Eight whole fresh-frozen cadavers (6 female, 2 male) that were elderly and/or female were laterally impacted using UMTRI's dual-sled side-impact test facility. Cadavers were not excluded on the basis of old age or bone diseases that affect tolerance. A thinly padded, multi-segment impactor was used that independently measured force histories applied to the shoulder, thorax, abdomen, greater trochanter, iliac wing, and femur of each PMHS. Impactor plates were adjusted vertically and laterally toward the subject so that contact with body regions occurred simultaneously and so that each segment contacted the same region on every subject. This configuration minimized the effects of body shape on load sharing between regions. Prior to all tests, cadavers were CT scanned to check for pre-existing skeletal injuries. Cadavers were excluded if they had pre-existing rib fractures or had undergone CPR.
Technical Paper

Development of ATD Installation Procedures Based on Rear-Seat Occupant Postures

2005-11-09
2005-22-0018
The initial positioning of anthropomorphic test devices (ATDs) can influence the outcomes of crash tests. Current procedures for positioning ATDs in rear seats are not based on systematic studies of passenger postures. This paper compares the postures of three side-impact ATDs to the postures of 24 men and women in three vehicle rear seats and 16 laboratory conditions. When positioned using current procedures, the locations of the ES-2 and SID-HIII ATD heads are generally rearward of those observed with similar-size passengers. The SID-IIs head locations matched the expected locations of heads of passengers of similar size more closely. As the seat back angle was increased, people reclined less than the ATDs. Based on these findings, a new ATD positioning procedure for rear seats was developed. The primary objective of the new procedure is to place the ATD head in the location that is most likely for people of similar size.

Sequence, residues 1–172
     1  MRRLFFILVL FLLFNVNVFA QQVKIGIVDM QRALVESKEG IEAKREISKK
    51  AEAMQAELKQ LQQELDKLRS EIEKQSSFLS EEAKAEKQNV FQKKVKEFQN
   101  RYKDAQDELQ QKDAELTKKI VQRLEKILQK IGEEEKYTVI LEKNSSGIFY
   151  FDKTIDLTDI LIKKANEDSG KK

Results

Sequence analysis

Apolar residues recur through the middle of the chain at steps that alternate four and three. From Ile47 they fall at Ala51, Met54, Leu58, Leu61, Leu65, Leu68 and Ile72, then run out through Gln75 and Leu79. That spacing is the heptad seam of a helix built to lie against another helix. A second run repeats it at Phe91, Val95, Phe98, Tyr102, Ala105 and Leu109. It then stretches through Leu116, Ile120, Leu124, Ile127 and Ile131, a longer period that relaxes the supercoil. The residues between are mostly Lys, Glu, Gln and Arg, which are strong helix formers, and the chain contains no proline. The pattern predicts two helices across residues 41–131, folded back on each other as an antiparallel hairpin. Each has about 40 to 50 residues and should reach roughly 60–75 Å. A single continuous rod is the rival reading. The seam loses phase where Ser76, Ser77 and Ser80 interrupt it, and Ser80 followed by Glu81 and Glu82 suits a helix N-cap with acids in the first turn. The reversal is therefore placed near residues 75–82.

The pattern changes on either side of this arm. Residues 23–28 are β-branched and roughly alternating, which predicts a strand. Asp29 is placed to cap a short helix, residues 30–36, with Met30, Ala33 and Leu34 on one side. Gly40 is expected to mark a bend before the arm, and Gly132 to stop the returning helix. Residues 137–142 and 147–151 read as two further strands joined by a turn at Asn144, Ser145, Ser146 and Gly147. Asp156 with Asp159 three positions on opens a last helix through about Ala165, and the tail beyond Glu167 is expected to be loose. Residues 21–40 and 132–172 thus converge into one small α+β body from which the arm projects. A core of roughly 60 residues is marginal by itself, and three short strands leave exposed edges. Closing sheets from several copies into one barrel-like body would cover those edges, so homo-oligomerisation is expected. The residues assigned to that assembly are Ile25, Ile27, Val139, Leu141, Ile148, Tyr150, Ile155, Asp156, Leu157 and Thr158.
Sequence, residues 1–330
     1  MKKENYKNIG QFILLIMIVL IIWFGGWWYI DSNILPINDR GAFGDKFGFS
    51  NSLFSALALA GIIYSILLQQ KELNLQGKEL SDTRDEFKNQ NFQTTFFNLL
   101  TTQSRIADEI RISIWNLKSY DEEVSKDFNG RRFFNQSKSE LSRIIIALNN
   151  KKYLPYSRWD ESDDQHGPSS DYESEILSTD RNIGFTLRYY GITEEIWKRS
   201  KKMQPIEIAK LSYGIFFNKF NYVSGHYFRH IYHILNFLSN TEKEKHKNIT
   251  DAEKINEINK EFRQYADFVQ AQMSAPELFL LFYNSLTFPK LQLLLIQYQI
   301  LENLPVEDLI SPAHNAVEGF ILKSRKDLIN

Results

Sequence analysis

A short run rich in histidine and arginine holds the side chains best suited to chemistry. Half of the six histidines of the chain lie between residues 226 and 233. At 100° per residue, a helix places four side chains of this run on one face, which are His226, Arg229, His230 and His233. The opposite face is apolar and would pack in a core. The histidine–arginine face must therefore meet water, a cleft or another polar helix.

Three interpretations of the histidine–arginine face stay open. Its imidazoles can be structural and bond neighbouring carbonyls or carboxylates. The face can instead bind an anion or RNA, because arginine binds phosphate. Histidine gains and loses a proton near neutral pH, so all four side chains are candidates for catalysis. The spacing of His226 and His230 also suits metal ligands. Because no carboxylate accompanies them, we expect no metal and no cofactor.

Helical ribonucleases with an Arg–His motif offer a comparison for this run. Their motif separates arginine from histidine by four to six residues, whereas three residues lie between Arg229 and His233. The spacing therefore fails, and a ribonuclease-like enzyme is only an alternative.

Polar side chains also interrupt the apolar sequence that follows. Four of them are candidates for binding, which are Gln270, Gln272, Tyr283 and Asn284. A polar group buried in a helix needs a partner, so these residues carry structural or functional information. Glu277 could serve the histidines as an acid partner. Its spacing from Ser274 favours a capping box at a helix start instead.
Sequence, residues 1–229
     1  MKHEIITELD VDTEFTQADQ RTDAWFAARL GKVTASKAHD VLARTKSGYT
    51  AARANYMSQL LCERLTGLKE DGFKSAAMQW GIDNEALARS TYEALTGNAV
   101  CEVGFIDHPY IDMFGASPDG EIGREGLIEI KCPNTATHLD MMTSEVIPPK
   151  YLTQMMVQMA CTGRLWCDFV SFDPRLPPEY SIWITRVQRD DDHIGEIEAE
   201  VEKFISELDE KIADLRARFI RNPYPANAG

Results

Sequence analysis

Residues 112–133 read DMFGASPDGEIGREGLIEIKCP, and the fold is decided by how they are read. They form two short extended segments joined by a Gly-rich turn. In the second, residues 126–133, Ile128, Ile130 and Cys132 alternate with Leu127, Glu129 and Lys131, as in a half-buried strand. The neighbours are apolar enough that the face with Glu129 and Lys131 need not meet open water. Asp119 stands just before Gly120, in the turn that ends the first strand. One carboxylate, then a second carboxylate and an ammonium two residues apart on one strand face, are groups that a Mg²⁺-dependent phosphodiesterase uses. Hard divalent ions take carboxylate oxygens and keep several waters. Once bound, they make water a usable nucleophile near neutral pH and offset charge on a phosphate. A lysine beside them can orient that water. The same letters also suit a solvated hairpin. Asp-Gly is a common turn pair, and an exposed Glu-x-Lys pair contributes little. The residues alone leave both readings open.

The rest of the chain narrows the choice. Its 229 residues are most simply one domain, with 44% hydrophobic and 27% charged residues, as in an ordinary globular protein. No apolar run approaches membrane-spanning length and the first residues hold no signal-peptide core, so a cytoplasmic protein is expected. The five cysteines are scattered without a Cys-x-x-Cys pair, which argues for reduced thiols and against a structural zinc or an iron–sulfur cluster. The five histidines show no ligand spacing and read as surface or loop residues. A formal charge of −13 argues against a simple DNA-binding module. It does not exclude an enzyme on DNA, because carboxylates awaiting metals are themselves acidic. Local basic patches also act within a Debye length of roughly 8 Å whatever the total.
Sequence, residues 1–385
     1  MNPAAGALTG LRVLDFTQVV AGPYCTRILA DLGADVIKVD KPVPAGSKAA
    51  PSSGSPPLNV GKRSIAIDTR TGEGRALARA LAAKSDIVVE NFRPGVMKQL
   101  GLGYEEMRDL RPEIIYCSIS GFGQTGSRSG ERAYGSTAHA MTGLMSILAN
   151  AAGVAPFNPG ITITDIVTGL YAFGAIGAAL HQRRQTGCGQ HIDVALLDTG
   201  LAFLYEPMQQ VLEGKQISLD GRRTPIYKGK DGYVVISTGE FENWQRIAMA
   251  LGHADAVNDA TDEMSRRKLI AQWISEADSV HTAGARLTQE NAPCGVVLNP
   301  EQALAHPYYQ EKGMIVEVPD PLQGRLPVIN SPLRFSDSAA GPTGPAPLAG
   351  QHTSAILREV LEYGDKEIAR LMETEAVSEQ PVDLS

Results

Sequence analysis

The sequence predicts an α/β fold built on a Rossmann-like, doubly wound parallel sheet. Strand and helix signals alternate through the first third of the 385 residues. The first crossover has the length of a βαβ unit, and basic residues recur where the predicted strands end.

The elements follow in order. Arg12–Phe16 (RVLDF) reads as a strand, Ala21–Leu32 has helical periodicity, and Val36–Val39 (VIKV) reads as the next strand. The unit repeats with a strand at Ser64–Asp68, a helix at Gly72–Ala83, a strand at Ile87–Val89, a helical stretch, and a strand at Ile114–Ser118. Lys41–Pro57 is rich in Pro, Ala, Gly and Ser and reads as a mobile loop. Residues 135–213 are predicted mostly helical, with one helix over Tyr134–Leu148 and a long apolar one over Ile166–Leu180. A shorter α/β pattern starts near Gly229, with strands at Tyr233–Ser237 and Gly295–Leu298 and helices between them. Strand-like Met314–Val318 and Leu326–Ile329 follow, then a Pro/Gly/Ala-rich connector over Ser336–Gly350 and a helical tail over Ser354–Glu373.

Technical Paper

Biomechanics of 4-Point Seat Belt Systems in Frontal Impacts

2003-10-27
2003-22-0017